4th June 2017By Graham SmithThe new Cornwall Council cabinet line-up is due to be unveiled…
Cornwall Council cabinet complete, but committee chairs must wait
6th June 2017
By Graham Smith
The Cornwall Council cabinet line-up is due to be announced tomorrow (Weds) and is expected to include some new faces.
Among the Liberal Democrats returning to the front bench are Edwina Hannaford and Geoff Brown. The newcomers are Sue James and Rob Rotchell. The five Independent members of the cabinet, revealed by Cornwall Reports on Sunday, are Julian German, Andrew Mitchell, Sally Hawken, Bob Egerton and Mike Eathorne-Gibbons.
The respective portfolio jobs are also due to be announced tomorrow. Committee chairmanships are unlikely to be announced until after the general election, not least because the former chair of the important Strategic Planning Committee, Rob Nolan, is currently a Parliamentary candidate.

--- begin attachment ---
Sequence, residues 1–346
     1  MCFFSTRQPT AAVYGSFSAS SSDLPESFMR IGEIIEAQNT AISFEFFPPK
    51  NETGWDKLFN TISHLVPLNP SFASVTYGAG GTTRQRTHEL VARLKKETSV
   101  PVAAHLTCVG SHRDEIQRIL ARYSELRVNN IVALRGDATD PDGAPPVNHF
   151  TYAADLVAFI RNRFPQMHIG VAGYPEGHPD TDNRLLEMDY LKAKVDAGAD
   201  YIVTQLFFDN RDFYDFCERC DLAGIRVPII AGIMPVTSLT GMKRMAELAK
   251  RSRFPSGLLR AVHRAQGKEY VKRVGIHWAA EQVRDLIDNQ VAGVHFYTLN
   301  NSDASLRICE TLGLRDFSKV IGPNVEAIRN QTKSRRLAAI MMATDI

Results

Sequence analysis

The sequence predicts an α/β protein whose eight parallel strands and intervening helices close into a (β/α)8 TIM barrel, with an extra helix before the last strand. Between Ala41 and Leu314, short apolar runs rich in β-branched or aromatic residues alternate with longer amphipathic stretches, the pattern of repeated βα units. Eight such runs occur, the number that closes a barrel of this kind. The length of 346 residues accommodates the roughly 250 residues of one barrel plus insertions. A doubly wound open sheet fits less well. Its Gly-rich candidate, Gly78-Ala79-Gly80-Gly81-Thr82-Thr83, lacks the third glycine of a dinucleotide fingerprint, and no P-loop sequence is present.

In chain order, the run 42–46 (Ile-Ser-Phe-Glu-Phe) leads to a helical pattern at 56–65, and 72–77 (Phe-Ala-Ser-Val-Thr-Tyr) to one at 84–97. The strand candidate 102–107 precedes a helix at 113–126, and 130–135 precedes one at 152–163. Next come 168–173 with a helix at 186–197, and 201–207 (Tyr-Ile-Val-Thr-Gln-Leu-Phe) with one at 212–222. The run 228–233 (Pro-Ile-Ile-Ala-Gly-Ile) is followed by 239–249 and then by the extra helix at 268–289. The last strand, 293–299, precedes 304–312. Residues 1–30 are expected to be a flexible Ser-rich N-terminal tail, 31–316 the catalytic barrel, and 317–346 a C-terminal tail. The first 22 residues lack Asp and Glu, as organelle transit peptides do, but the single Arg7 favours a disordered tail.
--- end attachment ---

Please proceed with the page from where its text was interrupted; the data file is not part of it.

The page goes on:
Not much to show for getting more votes than anyone else - Cornwall's Tories say they have been sidelined in the new council
In a final snub to the Conservatives, the Lib Dem-Indie coalition offered the council’s Tories just two committee vice-chairmanships – Audit and Pensions. The Conservatives have said “no” and will now seek to oppose the council’s political leadership.
The new cabinet: top row Geoff Brown, Sue James, Sally Hawken; middle row Bob Egerton, Rob Rotchell, Edwina Hannaford; bottom row: Mike Eathorne Gibbons, Andrew Mitchell and Julian German
The new council leader, elected two weeks ago, is Launceston Liberal Democrat Adam Paynter.
Meanwhile the Local Government Boundary Commission is due to announce next week how many councillors it thinks are needed to run Cornwall Council’s £1.2 billion budget. The previous council had suggested 99 members, from the original 123, but most observers expect the Commission to rule that significantly fewer are required – possibly no more than 85. The Commission will then set to work on re-drawing local ward boundaries, sweeping away about 40 Cornwall councillors in an exercise which will, at a stroke, save taxpayers more than £500,000.